It is also worth noting that the core concept of the ABC Analysis categorization is similar or the Pareto Principle. Used across a wide array of industries, the Pareto Principle or most likely known as “the law of the vital few,” suggests that 80% of the total effects come from just 20% of causes. In construction inventory management, this principle applies to stocks and profits.

How To Perform Construction Inventory Count?


Now that you have determined which inventory items require the most attention, you can now proceed t the cycle count of your physical inventory using the tips mentioned earlier. To further help you implement this system to your business, here is a step-by-step process for beginners to recommend that you try out.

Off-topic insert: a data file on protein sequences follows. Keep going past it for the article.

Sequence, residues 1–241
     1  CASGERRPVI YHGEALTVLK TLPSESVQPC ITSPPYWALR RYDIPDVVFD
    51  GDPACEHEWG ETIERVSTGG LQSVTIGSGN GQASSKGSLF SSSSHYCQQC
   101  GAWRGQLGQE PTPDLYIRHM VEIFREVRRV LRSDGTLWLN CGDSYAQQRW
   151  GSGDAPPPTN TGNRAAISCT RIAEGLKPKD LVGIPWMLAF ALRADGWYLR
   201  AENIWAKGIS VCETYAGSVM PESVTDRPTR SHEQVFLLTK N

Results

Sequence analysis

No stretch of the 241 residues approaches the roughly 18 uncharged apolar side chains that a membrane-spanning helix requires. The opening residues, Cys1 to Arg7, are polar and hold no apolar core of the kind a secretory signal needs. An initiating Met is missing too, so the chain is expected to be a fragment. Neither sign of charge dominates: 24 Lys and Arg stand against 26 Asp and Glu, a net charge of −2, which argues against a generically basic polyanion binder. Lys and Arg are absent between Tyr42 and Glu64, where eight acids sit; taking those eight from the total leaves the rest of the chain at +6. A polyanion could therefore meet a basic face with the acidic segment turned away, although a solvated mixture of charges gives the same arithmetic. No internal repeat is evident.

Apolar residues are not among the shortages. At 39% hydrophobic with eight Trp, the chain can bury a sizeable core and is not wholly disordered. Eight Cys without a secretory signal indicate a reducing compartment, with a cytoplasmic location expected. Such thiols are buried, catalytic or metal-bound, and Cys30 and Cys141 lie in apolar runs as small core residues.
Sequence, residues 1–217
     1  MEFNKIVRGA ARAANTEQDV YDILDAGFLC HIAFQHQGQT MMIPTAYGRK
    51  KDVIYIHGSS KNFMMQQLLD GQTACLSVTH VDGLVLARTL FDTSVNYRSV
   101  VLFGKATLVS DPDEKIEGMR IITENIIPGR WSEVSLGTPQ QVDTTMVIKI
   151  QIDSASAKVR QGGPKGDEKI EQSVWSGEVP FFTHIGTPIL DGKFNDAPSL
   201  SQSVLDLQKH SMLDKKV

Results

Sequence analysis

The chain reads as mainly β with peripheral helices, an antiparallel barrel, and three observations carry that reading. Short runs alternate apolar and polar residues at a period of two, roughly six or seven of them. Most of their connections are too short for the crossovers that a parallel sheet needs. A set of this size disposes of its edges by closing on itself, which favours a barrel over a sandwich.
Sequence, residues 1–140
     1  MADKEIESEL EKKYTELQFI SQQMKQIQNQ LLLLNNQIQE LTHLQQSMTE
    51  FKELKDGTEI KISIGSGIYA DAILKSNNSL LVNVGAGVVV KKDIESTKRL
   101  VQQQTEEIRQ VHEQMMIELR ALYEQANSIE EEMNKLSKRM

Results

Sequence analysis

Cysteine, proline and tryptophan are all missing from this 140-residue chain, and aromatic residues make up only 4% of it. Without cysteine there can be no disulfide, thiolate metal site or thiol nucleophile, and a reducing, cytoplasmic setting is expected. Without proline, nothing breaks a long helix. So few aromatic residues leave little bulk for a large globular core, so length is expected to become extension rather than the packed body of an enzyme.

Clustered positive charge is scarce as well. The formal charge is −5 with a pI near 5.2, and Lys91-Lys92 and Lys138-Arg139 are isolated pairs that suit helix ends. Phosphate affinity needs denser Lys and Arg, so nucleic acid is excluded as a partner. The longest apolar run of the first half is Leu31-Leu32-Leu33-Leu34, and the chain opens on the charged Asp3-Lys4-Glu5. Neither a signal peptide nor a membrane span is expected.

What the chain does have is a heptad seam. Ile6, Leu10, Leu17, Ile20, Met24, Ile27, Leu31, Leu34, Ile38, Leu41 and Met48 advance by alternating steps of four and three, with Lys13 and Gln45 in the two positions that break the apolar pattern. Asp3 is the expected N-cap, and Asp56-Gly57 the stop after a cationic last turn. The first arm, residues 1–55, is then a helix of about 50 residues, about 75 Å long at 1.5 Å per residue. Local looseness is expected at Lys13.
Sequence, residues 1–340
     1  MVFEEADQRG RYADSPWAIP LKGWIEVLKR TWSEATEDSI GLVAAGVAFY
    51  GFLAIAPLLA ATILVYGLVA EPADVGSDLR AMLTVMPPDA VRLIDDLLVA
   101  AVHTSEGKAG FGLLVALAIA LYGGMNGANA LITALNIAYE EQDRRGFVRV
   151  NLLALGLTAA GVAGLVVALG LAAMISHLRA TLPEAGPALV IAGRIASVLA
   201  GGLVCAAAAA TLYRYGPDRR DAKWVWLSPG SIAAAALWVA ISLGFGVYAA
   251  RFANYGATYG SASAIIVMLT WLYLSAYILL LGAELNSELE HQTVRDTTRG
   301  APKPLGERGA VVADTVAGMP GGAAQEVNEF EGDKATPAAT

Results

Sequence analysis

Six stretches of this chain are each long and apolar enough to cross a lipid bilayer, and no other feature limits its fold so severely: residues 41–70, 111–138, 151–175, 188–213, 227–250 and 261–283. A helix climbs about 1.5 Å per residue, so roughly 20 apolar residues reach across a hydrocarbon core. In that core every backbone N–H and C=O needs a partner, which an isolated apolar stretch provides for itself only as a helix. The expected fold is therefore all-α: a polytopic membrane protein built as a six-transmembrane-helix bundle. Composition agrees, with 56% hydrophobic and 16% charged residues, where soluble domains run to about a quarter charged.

1. Establish an inventory cycle count schedule, and make sure to stick to it.
  2. Order count tags, each sequentially labeled, so you can accurately track your inventory.
  3. Preview your entire inventory. Have a good perspective of all the things that you will organize.
  4. Halt any warehouse activities. During inventory count, no item should be removed or restocked.
  5. Clarify the inventory procedure with the rest of your team, so there is no confusion once you started.
  6. Break your inventory team into groups, if needed.
  7. Distribute the tags, and clarify what each group should count, respectively.
  8. Count inventory. Usually, one team will do the manual labor of counting all the physical items, and the other party is tasked to record the findings. You can personally assign what information needs to be recorded in the count tags.

Transfer all counting data into construction inventory software to ensure that all your data is stored and can be accessed anytime, anywhere.